Friday, August 28, 2009

Jurassic Park

your crazy uncle said to go to for the full list.

A frequent complaint about Jurassic Park upon its release in 1993 was that it lacked - snobby critic's complaint here - character development and that it was purely a special effects bonanza. Certainly nearly every single character came ready-made as a sort of assembly line product: the wealthy proprietor whose grandiose vision is matched only by his cluelessness, the eternally optimistic graduate student and her grizzled, cynical teacher and a pair of adorable, ever-irascible and eternally annoying kids who too often manage muck things up. To some extent the Spielberg-directed movie has never quite shaken that stigma. This is understandable as Jurassic Park is in many ways your typical big-budget Hollywood blockbuster: there are countless near-catastrophes and epic moments, individual acts of both selfishness and sacrifice, a soundtrack as epic as John Hammond's park, several awe-inspiring computer-generated effects that dazzle the eyes while the mind takes a siesta and, um, one poor guy facing death by dinosaur while on the crapper.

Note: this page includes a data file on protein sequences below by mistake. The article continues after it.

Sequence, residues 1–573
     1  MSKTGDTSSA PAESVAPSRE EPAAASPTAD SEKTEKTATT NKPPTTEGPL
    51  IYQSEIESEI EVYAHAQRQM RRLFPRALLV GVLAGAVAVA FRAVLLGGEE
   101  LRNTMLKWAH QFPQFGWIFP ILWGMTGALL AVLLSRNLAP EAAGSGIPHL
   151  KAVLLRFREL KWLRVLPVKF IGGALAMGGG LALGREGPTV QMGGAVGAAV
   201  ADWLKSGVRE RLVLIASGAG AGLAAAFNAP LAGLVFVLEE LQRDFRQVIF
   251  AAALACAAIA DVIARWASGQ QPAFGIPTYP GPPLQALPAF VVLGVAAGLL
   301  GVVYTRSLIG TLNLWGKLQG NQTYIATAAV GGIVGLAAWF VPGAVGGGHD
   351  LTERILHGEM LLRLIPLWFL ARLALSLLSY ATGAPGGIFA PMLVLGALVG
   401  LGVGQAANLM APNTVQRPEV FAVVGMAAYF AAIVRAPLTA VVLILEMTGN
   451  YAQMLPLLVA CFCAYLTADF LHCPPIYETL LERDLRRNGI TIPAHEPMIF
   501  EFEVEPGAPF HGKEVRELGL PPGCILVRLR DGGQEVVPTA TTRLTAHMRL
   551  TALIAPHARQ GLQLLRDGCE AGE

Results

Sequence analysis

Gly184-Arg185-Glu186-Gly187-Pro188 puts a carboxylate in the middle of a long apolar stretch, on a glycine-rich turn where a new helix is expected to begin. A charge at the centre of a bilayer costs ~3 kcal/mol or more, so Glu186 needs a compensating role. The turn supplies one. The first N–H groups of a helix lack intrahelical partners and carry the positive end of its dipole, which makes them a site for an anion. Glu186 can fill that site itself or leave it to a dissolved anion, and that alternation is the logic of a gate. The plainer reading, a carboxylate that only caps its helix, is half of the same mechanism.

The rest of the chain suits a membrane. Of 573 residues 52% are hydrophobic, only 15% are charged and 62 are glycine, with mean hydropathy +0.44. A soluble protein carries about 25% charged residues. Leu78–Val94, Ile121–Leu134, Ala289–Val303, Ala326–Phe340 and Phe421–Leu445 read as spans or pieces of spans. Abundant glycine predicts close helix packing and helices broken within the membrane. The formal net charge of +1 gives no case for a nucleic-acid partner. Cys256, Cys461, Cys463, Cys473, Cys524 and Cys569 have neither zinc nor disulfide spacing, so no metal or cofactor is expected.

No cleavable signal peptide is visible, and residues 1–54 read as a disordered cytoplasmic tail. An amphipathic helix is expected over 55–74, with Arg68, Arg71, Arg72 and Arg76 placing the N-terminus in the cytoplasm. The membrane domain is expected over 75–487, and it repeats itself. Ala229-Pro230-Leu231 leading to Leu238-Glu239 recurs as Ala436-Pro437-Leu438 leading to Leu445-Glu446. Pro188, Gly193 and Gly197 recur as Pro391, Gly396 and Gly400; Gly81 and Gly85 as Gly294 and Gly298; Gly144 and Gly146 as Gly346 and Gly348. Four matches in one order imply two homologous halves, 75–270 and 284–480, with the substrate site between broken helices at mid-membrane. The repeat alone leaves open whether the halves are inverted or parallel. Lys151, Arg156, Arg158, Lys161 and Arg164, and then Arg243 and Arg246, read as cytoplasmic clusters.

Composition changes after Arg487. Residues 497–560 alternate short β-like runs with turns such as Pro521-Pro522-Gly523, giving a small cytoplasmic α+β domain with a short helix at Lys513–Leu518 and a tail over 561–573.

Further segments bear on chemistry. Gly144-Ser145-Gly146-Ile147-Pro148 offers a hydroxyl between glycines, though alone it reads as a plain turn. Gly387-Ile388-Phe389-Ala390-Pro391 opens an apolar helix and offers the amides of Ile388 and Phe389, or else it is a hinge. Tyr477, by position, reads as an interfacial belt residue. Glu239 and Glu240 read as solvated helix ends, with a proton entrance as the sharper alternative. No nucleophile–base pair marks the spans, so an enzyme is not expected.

But dig a little deeper (get it?) and what becomes as striking as any visual is the film's foreboding tone. The characters' follies and flaws are instantly familiar to modern audiences: at least one character's hubris leads to the destruction of what he holds most dear, while Ian Malcom's protests against the "rape of the natural world" are predictably ignored. Far more than just a mesmerizing special effects how-to manual, Jurassic Park contains universal environmental themes that extend beyond the limits of a mainstream film: the devastating results when naive intentions and corporate greed collide, humanity's desire to connect with and understand the past and man's pursuit of technology and how best to use it

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